“Today is a historic victory for women’s health and women across the country,” said Cecile Richards, president of Planned Parenthood Federation of America. “The decision by HHS is monumental for millions of women who have struggled with the cost of birth control and other essential health-care services such as cervical cancer and HIV screening.”
HHS has designated eight specific services as women’s preventive health care, including:
• contraceptive methods and counseling
• annual well-woman preventive visit
• screening for cervical cancer/HPV
• counseling for sexually transmitted infections
• counseling and screening for HIV
• screening and counseling for interpersonal and domestic violence
• breastfeeding support, supplies, and counseling
• screening for gestational diabetes
This means that new insurance plans must offer these preventive services without additional out-of-pocket expenses or co-pays.
Eliminating co-pays for preventive health care will help reduce unintended pregnancies in the United States. The unintended pregnancy rate in the United States ranks among the highest in the developed world. In the U.S., nearly half of all pregnancies are unintended.
Birth control is also used to control and manage a wide range of health problems. Among other things, it can protect women against debilitating symptoms of endometriosis and reduce the risk of ovarian cancer.
Most importantly, birth control allows women to plan and space their pregnancies, thus improving maternal, infant, and family health.
“There is no doubt that birth control is basic health care for women,” said Dr. Vanessa Cullins, vice president for medical affairs at Planned Parenthood Federation of America. “Covering birth control without co-pays is one of the most important steps we can take to prevent unintended pregnancy and keep women and children healthy.”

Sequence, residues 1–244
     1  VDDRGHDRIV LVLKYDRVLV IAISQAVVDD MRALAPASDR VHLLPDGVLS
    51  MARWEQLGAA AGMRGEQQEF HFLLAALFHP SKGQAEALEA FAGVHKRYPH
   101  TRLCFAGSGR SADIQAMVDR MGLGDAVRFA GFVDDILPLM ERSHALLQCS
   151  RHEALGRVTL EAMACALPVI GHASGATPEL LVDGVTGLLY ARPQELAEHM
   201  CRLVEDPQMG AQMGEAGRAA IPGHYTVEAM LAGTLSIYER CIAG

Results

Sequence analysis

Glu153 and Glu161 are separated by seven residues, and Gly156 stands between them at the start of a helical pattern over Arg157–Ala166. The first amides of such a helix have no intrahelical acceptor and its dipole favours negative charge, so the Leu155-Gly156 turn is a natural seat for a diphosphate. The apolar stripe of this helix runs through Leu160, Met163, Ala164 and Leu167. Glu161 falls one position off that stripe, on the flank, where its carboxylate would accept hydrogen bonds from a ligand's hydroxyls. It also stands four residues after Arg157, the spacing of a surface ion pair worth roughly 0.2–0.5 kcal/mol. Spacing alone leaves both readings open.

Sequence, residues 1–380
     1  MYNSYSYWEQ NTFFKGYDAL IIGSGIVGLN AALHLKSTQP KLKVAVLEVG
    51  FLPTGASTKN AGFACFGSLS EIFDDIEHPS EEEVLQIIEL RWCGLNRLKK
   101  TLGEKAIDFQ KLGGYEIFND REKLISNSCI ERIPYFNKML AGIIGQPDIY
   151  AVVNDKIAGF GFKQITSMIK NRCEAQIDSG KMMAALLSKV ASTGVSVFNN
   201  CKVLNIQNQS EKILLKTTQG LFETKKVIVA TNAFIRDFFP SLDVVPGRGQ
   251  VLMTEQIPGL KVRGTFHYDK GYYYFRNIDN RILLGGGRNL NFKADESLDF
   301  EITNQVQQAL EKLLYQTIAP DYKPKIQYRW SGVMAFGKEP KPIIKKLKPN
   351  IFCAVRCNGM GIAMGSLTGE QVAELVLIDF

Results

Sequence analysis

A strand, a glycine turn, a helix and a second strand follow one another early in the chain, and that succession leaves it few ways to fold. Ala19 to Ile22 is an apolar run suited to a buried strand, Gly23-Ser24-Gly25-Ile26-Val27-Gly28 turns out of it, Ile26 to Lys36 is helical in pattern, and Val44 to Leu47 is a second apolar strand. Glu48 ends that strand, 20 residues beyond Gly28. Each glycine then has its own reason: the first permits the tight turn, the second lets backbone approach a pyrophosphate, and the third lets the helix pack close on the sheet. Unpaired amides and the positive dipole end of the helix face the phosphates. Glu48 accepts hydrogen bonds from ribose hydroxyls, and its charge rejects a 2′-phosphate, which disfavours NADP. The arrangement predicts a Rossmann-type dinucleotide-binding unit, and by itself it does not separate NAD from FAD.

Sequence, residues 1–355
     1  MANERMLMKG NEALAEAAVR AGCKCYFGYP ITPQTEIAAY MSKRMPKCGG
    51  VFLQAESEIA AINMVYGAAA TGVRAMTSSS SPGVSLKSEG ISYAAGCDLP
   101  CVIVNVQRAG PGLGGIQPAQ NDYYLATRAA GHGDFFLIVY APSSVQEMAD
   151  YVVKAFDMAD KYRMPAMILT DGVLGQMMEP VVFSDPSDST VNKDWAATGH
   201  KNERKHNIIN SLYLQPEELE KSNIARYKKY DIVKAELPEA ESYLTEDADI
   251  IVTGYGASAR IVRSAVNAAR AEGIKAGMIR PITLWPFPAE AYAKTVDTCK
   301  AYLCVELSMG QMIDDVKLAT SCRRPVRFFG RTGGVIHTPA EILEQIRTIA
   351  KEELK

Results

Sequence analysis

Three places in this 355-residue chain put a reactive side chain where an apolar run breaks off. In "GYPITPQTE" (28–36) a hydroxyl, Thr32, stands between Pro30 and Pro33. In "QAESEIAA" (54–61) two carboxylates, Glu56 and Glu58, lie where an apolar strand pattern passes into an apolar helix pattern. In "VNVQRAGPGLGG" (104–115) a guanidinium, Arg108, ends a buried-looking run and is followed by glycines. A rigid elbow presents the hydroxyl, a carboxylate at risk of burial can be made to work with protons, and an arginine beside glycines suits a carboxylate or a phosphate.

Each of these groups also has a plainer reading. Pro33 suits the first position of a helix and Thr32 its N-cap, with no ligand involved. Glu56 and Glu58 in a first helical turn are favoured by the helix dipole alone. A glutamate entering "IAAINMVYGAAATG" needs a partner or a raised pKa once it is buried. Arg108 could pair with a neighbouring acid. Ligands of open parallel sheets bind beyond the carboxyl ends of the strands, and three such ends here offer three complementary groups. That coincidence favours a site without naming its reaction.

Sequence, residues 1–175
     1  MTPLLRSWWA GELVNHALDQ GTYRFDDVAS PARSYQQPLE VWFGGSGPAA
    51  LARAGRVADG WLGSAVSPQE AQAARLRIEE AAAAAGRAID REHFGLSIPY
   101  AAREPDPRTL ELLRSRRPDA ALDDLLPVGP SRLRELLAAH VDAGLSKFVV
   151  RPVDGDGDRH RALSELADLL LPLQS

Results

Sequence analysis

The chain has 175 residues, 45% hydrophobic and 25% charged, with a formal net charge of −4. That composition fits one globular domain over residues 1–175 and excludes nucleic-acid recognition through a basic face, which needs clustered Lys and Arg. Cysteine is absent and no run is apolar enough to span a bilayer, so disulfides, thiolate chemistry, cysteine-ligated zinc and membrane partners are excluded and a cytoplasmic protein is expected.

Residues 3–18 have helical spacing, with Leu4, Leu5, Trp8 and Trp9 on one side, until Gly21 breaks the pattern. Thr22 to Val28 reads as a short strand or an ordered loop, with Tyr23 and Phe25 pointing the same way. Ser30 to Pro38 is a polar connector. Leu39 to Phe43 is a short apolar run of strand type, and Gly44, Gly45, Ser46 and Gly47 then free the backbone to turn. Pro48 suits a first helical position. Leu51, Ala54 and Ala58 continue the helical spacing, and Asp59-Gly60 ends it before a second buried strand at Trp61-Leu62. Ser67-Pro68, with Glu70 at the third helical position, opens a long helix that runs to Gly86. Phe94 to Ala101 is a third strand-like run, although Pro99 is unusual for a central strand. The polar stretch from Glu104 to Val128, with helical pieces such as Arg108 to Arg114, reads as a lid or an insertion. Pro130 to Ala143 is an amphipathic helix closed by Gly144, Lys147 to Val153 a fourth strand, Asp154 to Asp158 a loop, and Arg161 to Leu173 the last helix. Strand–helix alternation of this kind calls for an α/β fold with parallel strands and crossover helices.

Co-pays for birth control pills typically range between $15 and $50 per month. Other methods, such as IUDs, often cost several hundred dollars, even with health insurance.
To ensure that women’s voices were part of this national conversation, Planned Parenthood launched Birth Control Matters, an awareness campaign that has helped demonstrate widespread support for covering birth control without co-pays.
According to a recent Thomson Reuters-NPR Health poll, 77 percent of Americans believe that private medical insurance should provide no-cost birth control and 74 percent believe that government-sponsored plans should do the same.
While this announcement is a victory for women’s health, Planned Parenthood is disappointed HHS is considering proposals that would limit this protection for some women. Planned Parenthood will continue to work hard to ensure that all women, regardless of their employer or insurer, have access to the health care they need, including affordable birth control.
Birth control use is normative, even among religious women. According to a 2011 Guttmacher report, among all women who have had sex, 99 percent had used contraception. Among Catholic women, 98 percent who have had sex had used contraception. Sixty-eight percent of Catholic women and 74 percent of Evangelicals used a “highly effective method*,” such as the pill or the IUD.
Read the recent New York Times editorial piece here.
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